Americans in Waiting: Finding Solutions for Long Term Residents offers a detailed overview of the role that long-term residence has played in the past, the role that it currently plays, and the role that it could play to address the immigration status of the almost 11 million unauthorized migrants in the United States. Long-term residence in the United States has been recognized as a mitigating factor in deportation cases since 1891 when Congress authorized the deportation of individuals who became a public charge within one year of arrival. The one-year statute of limitations was later extended to five years and this approach to deportation grounds was continued in 1917 when crime-based deportation grounds were adopted. Continue reading "Long-Term Residence as Evidence of De Facto Membership"
Let’s admit it, harassment and bullying are endemic in the practice of law. Horacio Benardes Neto, the President of the International Bar Association (IBA), made this observation in introducing an IBA report, called Us Too: Bullying and Sexual Harassment in the Legal Profession. Published last year, the report was based on findings from the largest-ever global survey of nearly 7,000 legal professionals in 135 countries. The survey revealed that one in three female respondents and one in fourteen male respondents had been sexually harassed at work. Additionally, one in two female respondents and one in three male respondents reported being bullied at work.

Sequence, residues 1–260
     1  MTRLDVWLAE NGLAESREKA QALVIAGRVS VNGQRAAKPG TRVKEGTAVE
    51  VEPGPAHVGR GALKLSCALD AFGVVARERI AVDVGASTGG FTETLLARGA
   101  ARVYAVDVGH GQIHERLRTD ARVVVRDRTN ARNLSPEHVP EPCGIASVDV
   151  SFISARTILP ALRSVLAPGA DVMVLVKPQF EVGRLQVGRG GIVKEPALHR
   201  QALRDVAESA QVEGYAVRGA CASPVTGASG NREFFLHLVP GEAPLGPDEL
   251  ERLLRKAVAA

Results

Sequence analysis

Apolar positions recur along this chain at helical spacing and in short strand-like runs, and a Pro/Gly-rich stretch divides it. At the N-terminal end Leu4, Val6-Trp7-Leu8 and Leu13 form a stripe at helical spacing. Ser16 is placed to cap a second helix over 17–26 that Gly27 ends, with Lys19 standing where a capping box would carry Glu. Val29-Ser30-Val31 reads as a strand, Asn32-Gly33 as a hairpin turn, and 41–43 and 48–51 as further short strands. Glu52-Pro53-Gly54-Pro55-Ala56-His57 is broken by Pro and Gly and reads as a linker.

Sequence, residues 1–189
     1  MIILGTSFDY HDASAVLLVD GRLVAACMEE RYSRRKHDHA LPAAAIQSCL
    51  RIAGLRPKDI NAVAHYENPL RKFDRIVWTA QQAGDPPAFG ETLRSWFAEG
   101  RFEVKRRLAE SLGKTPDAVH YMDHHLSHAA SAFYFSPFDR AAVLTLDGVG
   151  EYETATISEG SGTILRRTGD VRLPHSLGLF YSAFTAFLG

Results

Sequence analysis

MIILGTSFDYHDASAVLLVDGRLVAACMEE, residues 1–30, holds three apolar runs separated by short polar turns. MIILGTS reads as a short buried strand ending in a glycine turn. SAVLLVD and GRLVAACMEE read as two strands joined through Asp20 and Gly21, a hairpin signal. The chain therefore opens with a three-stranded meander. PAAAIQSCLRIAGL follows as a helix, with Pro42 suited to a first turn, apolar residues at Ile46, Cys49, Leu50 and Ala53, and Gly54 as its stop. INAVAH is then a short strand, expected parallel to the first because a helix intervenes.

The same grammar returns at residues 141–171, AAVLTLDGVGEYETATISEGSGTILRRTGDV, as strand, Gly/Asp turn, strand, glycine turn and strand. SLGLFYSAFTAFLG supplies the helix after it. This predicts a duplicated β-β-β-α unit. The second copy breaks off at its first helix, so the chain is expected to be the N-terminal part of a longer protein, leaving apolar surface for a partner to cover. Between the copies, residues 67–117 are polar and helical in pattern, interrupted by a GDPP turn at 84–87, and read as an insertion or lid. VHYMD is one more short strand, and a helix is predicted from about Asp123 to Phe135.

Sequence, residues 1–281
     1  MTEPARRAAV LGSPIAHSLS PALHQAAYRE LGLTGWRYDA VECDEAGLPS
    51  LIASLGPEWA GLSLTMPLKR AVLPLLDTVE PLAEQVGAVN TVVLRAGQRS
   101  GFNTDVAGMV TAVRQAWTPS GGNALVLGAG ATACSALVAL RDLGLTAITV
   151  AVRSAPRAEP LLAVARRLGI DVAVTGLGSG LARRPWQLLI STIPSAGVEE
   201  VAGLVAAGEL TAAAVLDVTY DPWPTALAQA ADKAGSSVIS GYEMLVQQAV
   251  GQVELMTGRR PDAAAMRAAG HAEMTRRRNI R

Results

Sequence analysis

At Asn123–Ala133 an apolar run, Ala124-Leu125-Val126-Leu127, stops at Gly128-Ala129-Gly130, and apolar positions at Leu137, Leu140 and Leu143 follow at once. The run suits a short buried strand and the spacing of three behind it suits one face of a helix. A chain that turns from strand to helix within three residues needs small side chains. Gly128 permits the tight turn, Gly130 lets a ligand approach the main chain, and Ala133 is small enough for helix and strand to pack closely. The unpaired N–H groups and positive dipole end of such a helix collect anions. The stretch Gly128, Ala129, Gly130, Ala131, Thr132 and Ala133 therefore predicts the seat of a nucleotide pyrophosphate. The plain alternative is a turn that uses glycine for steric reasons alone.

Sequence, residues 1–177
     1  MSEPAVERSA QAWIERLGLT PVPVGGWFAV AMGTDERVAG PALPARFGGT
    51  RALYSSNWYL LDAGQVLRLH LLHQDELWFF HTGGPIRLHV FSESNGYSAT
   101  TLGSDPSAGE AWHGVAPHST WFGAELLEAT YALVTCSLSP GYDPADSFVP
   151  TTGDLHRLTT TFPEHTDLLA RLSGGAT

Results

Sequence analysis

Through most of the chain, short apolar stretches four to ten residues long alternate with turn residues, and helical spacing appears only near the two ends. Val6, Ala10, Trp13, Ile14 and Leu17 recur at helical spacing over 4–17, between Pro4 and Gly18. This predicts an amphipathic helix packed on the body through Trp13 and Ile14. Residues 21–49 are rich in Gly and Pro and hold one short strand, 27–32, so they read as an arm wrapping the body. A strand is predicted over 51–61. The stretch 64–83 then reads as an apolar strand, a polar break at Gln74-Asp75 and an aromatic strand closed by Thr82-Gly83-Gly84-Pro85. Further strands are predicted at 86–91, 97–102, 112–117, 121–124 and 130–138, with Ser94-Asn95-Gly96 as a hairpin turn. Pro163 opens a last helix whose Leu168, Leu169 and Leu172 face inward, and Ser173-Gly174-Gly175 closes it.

To help the legal professions address the serious problems of sexual harassment and bullying, the IBA report proposes ten recommendations. Recommendation One urges interested parties to “Raise Awareness,” while Recommendation Three calls on the legal profession to “Take Ownership” of the problem. These recommendations are one of the reasons that I commend Professor Veronica Root Martinez’s article, Combating Silence in the Profession. In her article, Professor Root Martinez both examines discrimination and exclusion in the legal profession and proposes practical steps for tackling the challenges of discrimination, exclusion, underrepresentation, and bias. Continue reading "Promoting Diversity and Inclusion in the Legal Profession: The Significance of Giving Voice and Listening to Persons Who Experience Discrimination, Bias, and Harassment"